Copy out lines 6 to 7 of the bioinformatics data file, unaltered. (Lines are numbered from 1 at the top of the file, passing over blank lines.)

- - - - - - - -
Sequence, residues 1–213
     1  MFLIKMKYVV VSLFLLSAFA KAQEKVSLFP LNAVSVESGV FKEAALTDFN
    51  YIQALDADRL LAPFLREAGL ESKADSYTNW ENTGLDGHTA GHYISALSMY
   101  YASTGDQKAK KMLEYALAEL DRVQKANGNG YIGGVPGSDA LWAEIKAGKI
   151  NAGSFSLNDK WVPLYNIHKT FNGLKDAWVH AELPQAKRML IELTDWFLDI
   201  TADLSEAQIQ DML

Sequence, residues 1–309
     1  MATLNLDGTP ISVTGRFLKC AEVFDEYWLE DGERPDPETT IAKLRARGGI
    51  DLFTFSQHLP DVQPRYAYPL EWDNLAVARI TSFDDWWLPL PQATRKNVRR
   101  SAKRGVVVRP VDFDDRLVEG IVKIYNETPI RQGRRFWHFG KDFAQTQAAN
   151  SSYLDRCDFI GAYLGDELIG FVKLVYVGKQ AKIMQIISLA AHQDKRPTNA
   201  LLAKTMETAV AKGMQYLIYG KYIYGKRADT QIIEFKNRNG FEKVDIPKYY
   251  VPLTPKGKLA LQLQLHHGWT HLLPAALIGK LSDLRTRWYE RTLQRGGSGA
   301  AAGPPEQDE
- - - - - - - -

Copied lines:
   201  TADLSEAQIQ DML

Sequence, residues 1–309